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  1. #1
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    [EN] SEA-ME-WE 5 subsea cable completed on schedule


    Better connections between Europe and Singapore, Malaysia, Indonesia, Thailand, Myanmar


    Paul Mah
    3 January 2017

    The SEA-ME-WE 5 subsea fiber optic cable linking Southeast Asia to Europe via the Middle East has been completed on time, the consortium behind the project announced.

    Built with a design capacity of 24 Terabits per second, the 20,000km cable system uses 100Gbps technology from the get-go to deliver fast access to consumers and businesses in Southeast Asia countries such as Singapore, Malaysia, Indonesia, Thailand and Myanmar.

    SEA-ME-WE 5 (South East Asia - Middle East - Western Europe 5 Submarine Cable System) is expected to meet the projected quadrupling in demand for bandwidth between Europe and Asia in the next five years, offering the lowest latency for Internet traffic between the two regions. It will provide a sevenfold capacity increase along the corridor connecting Southeast Asia, the Middle East and Western Europe.

    Landing party

    “The completion of the SE-ME-WE 5 project is a landmark system upgrade for all data users worldwide. This system facilitates a new age of digital transformation and innovation, catalyzing greater economic activities, trade and growth across three continents,” said Linette Lee, who chairs the consortium management committee behind SEA-ME-WE 5.


    SEA-ME-WE 5 landing in Karachi, Pakistan

    Construction of the cable network began in September 2014. The project is backed by a consortium comprising 18 global telecommunications players including Singtel, Telekom Malaysia, and Telekomunikasi Indonesia International (Telin).

    A statement from the consortium noted that SEA-ME-WE 5’s main endpoints are not Cable Landing Stations (CLS) like in most such projects, but carrier-neutral Points-of-Presence (PoPs).

    SEA-ME-WE 5 was plugged into the Tuas landing station in Singapore early last year.

    In December 2016 Freddi Huang, the head of network engineering and operations at Telin Singapore, told DatacenterDynamics that the recently launched Telin-3 data center will be linked up to SEA-ME-WE 5. We were able to confirm that Singtel’s newly-opened DC West data center will also be linked to the cable system.

    Elsewhere, SEA-ME-WE 5 stops off at the Indonesian city of Dumai on Sumatra, which is where the upcoming Indonesia Global Gateway Cable System (IGG) - which links up multiple cities across the Indonesian archipelago - will land.

    http://www.datacenterdynamics.com/co...37.fullarticle

  2. #2
    WHT-BR Top Member
    Data de Ingresso
    Dec 2010
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    17,360

  3. #3
    WHT-BR Top Member
    Data de Ingresso
    Dec 2010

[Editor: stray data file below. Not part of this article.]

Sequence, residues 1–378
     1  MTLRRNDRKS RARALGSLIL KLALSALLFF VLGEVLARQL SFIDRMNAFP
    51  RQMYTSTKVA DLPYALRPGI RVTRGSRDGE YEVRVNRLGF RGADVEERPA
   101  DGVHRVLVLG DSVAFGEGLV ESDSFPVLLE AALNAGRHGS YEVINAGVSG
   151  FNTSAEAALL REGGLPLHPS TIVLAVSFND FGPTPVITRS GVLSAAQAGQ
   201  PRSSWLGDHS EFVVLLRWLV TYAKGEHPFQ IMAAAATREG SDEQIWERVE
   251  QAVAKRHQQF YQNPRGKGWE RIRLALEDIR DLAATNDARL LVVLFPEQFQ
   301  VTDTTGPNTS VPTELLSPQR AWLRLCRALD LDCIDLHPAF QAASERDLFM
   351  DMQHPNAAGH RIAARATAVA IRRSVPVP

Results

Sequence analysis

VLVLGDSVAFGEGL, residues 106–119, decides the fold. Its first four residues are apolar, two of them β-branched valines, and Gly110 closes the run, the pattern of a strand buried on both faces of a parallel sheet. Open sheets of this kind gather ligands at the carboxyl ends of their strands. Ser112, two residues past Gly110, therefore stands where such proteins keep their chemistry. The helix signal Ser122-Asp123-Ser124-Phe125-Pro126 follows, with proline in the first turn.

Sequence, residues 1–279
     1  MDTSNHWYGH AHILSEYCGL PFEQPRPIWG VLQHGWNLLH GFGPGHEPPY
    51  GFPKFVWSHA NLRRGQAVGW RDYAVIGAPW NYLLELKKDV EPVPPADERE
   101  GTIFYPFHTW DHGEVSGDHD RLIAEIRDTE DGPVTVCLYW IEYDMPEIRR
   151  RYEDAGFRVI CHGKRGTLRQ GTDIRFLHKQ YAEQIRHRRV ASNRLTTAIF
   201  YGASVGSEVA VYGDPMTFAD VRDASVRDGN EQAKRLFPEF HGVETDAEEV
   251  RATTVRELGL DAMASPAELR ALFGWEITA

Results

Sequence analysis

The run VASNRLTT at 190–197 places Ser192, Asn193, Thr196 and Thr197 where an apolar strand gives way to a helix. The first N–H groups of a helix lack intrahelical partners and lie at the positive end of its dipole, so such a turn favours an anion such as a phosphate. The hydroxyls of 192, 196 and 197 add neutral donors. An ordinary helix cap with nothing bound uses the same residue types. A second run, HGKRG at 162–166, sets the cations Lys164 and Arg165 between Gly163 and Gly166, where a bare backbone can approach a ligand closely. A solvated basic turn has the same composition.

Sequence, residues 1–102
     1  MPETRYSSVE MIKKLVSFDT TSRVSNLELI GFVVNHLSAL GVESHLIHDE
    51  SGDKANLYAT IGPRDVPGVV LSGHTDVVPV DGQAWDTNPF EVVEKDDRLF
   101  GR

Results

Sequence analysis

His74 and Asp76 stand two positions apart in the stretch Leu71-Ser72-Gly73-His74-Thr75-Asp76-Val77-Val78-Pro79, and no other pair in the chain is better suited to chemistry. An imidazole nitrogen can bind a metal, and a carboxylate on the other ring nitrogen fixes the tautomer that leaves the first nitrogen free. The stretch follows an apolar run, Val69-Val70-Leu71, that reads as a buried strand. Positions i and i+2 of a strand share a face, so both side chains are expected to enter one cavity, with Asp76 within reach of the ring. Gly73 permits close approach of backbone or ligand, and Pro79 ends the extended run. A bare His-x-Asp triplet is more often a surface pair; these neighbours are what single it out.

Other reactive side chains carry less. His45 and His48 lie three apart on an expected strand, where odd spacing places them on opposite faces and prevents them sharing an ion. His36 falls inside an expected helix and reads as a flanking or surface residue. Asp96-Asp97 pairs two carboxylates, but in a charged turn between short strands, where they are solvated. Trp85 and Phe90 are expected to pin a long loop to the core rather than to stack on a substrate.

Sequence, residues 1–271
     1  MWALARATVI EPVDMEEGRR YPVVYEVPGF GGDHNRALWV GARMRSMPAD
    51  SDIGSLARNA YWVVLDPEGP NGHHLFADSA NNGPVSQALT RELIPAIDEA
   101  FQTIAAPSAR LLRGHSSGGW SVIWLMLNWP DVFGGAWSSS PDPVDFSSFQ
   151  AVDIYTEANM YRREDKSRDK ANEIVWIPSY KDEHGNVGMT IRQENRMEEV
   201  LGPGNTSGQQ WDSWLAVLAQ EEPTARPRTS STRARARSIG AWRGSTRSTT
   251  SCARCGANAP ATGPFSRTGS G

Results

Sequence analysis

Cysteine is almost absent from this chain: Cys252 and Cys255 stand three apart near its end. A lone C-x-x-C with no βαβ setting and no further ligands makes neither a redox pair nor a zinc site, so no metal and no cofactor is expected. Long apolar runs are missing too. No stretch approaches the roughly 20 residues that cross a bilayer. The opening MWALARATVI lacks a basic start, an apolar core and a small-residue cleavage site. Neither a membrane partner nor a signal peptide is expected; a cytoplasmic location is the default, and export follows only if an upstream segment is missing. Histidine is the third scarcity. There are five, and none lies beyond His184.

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    Os mapas do SEA-ME-WE 5 e dos cabos submarinos na Africa sugerem fantásticas oportunidades culturais e comerciais em intercâmbios regionais e continentais usando infraestrutura que consumiu vultosos investimentos de paises com poucos recursos. Porém, na prática o que se tem é uma "rede de assinatura" que beneficia players globais e destrói negócios locais. Não é surpresa alguma que esses players tenham passado a dominar o noticiário sobre construção de novos cabos submarinos, maravilhados com as facilidades para faturar com anúncios ordinários e serviços questionáveis parasitando infraestuturas locais sob o aplauso de cartórios. Que não se imagine que esses cabos permitem o surgimento de novos gigantes do fracasso, porque 1) as empresas locais estão sujeitas aos impostos e leis regionais 2) não existe interconexão entre os paises 3) barreiras intransponiveis de culturas, idiomas, ódios e ressentimentos entre paises. Enfim, para a empresa local não existe facilidade de telecomunicação, não existe mercado, está obrigada a pagar impostos e cumprir leis, e, claro, sempre pode ser extorquida pelo governo e seus prepostos, sempre alegremente dispostos a dar mais vantagens aos avantajados parasitas. Em contraposição, paises que se concentraram em desenvolver o mercado local e ignoraram os cabos submarinos e seus parasitas apresentam resultados incomparavelmente melhores. Por exemplo, nos últimos dias foi anunciada a construção do maior data center da Tailândia, país onde servidores podem ser conectados em 10Gbps unmetered por tostões para atender a população. A mesma opção da Indonésia (população 250 milhões), Vietnam, etc. Enquanto isso, a Amazon constrói data centers em Marseille para despejar conteúdo no cabo, sem gerar empregos ou pagar impostos nos paises "contemplados". Festança também em Londres, claro. A chegada do SEA-ME-WE 5 pode ser motivo de festejos para os parasitas de olho nos mercados asiáticos mas não é uma noticia 100% positiva para os "beneficiados" como se pode pensar. Como lembra Paulo Maluf, especialista em negócios obscuros, existiam excelentes razões para as estradas de ferro brasileiras terem adotado as mais diferentes bitolas.